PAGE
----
Top airlines want aviation emissions in climate pact
Four leading airlines called on Thursday for aviation emissions to be included in a broader climate pact, after growing criticism from green groups that the sector was not doing enough to fight global warming.
The move is the first step by the world's airlines, which account for around two percent of global pollution, to steer the debate on an emissions pact towards a deal they are happy with, rather than having one imposed on them.
Air France/KLM, British Airways, Cathay Pacific, Virgin Atlantic and airport operator BAA issued the call in Hong Kong and outlined a series of principles a new global deal for aviation must adhere to.
Conservation groups such as WWF say aviation has not been doing enough to tackle the sector's growing share of greenhouse gas pollution and must pay for its emissions like many other industries.
Emissions from international aviation comprise about two percent of mankind's total carbon dioxide (CO2) pollution from burning fossil fuels and deforestation and are expected to keep rising as economies and populations grow.
Green groups and governments say airlines should be part of emissions trading schemes as a start.
"This is the first time a group of airlines has got together to call for aviation to be included in a climate change treaty," Dominic Purvis of Cathay Pacific told Reuters.
"We're contributing to climate change and we need to play our part," said Purvis, the airline's general manager for environmental affairs.
Nations meet at the end of the year in the Danish capital Copenhagen to try to agree on a broader climate pact that replaces the Kyoto Protocol, the United Nations' main weapon to fight global warming. Kyoto's first phase ends in 2012.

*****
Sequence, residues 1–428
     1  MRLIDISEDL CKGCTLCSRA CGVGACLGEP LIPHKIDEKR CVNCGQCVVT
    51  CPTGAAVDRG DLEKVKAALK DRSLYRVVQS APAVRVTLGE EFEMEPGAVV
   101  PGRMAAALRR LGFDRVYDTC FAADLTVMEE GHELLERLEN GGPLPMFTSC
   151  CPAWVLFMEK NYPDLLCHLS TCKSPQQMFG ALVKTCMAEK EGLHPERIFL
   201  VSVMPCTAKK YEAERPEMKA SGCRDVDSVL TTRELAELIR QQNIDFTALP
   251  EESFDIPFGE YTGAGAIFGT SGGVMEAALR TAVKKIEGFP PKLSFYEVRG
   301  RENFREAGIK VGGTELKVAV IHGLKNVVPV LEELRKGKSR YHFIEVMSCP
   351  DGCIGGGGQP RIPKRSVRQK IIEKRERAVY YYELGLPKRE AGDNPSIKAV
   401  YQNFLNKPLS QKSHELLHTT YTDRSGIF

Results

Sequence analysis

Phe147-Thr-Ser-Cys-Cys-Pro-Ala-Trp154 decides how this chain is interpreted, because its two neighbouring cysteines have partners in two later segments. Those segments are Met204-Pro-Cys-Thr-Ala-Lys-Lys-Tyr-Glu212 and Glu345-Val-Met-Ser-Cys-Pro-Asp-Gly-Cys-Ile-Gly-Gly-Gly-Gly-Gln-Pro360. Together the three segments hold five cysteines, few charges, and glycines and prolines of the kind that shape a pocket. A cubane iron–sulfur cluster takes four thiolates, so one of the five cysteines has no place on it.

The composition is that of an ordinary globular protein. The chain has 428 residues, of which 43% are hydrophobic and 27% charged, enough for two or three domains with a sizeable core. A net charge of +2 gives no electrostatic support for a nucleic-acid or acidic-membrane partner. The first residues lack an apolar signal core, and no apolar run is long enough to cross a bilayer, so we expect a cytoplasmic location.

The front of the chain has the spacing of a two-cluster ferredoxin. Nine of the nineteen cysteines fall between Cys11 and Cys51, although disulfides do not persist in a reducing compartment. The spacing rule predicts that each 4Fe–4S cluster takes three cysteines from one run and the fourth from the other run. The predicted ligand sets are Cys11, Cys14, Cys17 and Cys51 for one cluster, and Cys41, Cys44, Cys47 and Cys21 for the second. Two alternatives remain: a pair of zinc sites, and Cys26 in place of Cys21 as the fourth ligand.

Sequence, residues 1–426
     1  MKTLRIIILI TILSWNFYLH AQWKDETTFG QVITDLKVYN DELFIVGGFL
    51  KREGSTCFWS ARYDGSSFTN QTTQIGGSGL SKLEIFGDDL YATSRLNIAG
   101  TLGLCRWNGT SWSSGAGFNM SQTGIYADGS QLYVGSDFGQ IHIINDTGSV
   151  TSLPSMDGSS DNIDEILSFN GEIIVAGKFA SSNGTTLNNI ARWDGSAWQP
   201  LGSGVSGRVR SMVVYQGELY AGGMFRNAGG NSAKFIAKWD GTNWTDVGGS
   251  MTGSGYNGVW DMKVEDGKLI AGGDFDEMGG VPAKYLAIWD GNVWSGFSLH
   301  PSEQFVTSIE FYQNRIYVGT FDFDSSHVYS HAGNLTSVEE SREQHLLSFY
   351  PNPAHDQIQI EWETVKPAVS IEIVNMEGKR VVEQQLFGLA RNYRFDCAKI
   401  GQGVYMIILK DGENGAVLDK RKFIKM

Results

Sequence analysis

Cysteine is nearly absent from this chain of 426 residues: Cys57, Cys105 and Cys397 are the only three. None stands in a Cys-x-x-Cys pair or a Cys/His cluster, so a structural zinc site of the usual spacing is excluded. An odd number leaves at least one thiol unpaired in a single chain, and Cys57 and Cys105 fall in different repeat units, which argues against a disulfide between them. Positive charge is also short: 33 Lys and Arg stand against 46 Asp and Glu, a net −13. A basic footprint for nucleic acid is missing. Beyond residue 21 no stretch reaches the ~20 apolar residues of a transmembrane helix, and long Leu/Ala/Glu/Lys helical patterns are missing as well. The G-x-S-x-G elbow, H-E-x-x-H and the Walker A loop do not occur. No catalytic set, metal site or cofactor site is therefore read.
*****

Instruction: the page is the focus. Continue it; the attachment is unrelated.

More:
The idea is to find a way for developing nations to sign up to emissions curbs and to include aviation and shipping, which together make up 5 percent of mankind's CO2 emissions, a fifth of which come from US emissions of 6 billion tonnes a year.
The United Nations' International Civil Aviation Organisation (Icao) has been working for more than a decade to develop a global scheme to tackle aviation emissions.
Purvis said the four airlines would discuss existing proposals to curb emissions and feed the group's ideas to Icao and other airlines to try to settle on a fair and environmentally sound approach for inclusion at Copenhagen.
"The best thing is to have something effective and easy to apply and cost-effective rather than to wait for someone else to come up with it and potentially take a course of action not necessarily appropriate for aviation," he said.
The four airlines and BAA are meeting in Hong Kong and in their communique laid out principles for a global approach that included balancing social and economic benefits of flying with the industry's responsibility to cut global emissions.
The airlines also said a new global climate deal for aviation must preserve competitiveness and avoid market distortions.
Many airlines say only a global approach is fair and criticise the European Union's decision to include aviation in the bloc's emissions trading scheme from 2012.
Airlines will have to pay for their emissions over the entire route, not just within EU airspace, a rule many Asian airlines flying long-haul routes to Europe say is unfair.
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